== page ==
The first thing I noticed in this section is that the TNIV has translated “knowing” as “made love to.” This is a departure from the NIV which had Adam “laying” with his wife. I find it curious that the NLT went with “sexual relations” instead of a euphemism like these other translations. Eve gave birth to two sons and both brought offerings to God. Cain’s was rejected and God said to him: “Why are you angry? Why is your face downcast? If you do what is right, will you not be accepted? But if you do not do what is right, sin is crouching at your door; it desires to have you, but you must rule over it” (Gn 4:6-7). Aside from this being an interesting sentence with two “but” statements and a semicolon it serves as a stark warning to Cain which he soon ignored in killing his brother. It is narrated as premeditated murder which quickly puts to rest any ideas that humans became slowly evil over time. God’s reaction to Cain’s actions is somewhat startling. Although he is a murderer and God punishes him he is also marked such that others will not kill him. This is not the eye for an eye, tooth for a tooth God that is sometimes portrayed.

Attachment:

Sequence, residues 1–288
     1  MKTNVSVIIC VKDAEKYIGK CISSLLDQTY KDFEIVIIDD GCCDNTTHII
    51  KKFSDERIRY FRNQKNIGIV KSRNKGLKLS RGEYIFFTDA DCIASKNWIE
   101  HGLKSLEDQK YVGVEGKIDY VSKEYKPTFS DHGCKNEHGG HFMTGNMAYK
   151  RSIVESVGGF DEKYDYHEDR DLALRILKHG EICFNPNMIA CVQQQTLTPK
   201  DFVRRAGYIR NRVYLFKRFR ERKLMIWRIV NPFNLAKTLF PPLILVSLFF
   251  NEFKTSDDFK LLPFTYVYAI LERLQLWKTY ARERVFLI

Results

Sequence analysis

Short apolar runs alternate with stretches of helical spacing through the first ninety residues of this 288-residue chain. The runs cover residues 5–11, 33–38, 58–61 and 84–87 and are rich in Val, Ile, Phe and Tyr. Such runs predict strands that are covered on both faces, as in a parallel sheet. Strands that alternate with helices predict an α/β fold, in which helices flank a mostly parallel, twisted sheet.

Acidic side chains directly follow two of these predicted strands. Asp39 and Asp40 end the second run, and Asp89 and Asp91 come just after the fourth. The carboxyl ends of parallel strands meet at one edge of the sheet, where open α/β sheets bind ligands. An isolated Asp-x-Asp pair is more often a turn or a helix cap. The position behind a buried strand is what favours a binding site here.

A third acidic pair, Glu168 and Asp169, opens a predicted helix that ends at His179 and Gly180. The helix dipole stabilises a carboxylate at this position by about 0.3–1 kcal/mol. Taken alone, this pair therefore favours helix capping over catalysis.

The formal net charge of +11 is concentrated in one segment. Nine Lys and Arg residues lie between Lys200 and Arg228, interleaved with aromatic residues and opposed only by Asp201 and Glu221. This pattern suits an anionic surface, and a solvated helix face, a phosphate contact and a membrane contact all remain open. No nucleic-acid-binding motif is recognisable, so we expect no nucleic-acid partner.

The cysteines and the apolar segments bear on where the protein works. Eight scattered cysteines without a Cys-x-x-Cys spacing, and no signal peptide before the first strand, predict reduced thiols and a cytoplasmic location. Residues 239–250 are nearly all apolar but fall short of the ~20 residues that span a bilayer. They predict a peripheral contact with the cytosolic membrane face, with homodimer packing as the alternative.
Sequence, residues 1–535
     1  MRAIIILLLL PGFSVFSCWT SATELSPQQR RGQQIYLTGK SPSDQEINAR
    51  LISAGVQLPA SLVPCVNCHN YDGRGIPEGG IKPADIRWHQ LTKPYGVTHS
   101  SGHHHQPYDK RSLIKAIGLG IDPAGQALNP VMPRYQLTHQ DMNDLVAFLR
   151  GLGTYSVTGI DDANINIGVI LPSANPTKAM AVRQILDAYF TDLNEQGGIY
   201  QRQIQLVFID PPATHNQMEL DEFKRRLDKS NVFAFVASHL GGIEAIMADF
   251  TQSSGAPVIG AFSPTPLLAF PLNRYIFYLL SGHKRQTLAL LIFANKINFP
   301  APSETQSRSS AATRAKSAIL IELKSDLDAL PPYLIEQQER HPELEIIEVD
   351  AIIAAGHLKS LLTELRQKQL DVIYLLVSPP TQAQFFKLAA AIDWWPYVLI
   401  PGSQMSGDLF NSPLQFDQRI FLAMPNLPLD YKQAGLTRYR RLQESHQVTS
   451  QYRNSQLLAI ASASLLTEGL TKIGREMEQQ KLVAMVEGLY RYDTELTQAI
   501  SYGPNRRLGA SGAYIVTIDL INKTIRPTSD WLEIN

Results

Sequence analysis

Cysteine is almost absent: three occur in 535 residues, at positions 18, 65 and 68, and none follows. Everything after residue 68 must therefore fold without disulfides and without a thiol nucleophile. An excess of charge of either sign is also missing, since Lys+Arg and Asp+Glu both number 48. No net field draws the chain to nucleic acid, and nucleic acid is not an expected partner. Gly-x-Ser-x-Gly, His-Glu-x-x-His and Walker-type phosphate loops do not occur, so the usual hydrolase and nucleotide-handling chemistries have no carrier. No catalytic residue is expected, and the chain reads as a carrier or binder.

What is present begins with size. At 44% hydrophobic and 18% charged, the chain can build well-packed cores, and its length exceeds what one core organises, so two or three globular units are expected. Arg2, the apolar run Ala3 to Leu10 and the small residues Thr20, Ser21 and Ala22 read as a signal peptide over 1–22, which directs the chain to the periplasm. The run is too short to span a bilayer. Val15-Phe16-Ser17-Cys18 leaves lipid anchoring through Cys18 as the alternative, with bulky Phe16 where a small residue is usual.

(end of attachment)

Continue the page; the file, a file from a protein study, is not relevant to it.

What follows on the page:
By 6:5, “The Lord saw how great the wickedness of the human race had become on the earth, and that every inclination of the thoughts of the human heart was only evil all the time.” Noah was a righteous man and God decided to use him to clear the earth of its evil inhabitants. I’m interested to see the history of the world after Christ’s return. Perhaps we will get to watch it on an IMAX screen or something. Hopefully we can see what the world was like before the flood and see how the waters changed its surface.